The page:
A farmer has thanked firefighters after they saved 72 pigs that had fallen into a slurry tank on a farm in Northern Ireland.
It was the largest animal rescue operation in the history of Northern Ireland Fire and Rescue Service (NIFRS) and fire crews worked for nearly seven hours.
“We had a good outcome, out of all the pigs in the tank we lost two. I can’t praise the fire brigade enough,” said Aghalee farmer Nigel Grant on Q Radio.
“There’s an old saying in this country: ‘Whoever owns the cows in the drain will pull hardest on the rope’. Well, today I saw the fire brigade men pull hardest on the rope.
“They didn’t own the stock, but they pulled very hard today on the rope.”
Firefighters were called to the farm on the Ballinderry Road in Aghalee, Craigavon, at 11.36am on Sunday (29 July).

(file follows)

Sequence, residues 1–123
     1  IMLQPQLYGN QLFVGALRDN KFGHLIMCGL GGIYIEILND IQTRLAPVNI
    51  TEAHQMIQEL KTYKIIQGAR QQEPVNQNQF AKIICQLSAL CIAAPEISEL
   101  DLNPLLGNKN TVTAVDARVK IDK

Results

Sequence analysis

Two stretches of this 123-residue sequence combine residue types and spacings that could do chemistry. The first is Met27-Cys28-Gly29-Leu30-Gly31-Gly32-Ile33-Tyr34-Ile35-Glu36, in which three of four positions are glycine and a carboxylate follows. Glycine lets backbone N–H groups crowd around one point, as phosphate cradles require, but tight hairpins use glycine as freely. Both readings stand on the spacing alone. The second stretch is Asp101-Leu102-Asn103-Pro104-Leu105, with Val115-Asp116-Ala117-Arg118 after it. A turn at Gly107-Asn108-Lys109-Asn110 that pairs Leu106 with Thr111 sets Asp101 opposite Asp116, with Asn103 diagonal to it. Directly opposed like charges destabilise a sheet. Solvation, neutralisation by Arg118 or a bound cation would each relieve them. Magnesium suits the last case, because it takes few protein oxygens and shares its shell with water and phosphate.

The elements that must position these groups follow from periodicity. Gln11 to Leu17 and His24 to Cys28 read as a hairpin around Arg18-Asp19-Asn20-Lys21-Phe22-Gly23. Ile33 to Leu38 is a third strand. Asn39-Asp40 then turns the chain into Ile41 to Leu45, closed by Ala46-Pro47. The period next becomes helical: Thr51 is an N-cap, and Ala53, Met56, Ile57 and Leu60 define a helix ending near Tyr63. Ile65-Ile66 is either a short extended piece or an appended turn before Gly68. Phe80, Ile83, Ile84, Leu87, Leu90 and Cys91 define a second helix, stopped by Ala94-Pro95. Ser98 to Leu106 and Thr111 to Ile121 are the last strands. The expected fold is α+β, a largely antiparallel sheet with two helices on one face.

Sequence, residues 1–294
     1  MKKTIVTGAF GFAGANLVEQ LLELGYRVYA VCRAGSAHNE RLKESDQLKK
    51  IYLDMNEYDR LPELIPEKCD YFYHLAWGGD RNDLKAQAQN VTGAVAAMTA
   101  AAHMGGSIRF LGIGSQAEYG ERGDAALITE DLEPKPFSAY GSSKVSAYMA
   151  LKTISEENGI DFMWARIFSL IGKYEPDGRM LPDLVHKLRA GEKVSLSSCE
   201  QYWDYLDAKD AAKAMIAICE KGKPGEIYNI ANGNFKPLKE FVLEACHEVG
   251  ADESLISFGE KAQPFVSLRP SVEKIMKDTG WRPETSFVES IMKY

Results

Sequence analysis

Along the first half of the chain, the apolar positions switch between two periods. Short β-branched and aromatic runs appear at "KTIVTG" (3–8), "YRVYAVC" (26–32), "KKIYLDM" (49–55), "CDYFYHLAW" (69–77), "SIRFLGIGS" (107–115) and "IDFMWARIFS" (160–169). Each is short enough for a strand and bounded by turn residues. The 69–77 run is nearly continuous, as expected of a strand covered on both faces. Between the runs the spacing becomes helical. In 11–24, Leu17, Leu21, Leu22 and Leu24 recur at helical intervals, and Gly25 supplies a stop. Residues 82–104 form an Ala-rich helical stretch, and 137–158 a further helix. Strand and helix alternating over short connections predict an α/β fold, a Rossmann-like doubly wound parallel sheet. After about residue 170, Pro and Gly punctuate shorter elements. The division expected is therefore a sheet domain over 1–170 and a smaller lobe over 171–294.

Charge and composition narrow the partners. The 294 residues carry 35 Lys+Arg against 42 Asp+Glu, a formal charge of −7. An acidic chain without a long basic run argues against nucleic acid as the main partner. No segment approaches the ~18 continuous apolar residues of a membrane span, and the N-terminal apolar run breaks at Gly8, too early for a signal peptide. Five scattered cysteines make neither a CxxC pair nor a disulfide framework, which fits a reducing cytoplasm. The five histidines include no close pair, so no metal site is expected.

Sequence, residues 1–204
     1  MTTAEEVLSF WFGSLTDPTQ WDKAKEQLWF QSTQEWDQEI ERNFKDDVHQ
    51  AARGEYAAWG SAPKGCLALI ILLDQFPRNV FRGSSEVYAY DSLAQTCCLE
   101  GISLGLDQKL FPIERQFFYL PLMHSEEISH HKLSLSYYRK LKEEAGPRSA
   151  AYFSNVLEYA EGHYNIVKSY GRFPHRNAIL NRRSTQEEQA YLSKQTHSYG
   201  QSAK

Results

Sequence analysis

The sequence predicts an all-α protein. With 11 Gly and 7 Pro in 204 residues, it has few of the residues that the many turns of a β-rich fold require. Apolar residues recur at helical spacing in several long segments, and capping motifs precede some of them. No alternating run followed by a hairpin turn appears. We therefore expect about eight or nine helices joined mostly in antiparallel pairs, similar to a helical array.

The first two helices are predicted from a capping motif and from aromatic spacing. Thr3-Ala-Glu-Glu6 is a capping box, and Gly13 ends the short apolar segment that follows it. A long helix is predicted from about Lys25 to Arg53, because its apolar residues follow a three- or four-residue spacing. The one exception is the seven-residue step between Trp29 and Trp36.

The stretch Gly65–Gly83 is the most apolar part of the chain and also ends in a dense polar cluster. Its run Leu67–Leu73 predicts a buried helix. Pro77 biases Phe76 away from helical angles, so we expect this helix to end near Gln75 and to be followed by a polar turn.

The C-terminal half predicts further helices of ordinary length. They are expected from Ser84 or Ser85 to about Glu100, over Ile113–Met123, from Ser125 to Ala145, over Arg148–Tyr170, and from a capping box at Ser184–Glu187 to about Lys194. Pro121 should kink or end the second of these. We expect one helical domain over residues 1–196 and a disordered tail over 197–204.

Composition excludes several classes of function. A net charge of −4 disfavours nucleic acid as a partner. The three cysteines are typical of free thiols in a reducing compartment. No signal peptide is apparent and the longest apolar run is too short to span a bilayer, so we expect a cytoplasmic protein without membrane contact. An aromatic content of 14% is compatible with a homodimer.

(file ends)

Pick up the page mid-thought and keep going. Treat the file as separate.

Seventy-four pigs, each weighing about 100kg, had fallen into a pit containing about 3ft of slurry after the concrete head on which the slats were sitting collapsed.
Firefighters from the animal rescue teams wore breathing apparatus and used rescue lines to pull the pigs from the slurry pit. Gas monitors were used throughout the incident to monitor gas levels from the slurry.
NIFRS group commander Geoff Somerville said it was a “protracted and challenging incident”.
He advised farmers not to attempt to rescue animals in these situations and call 999 for help.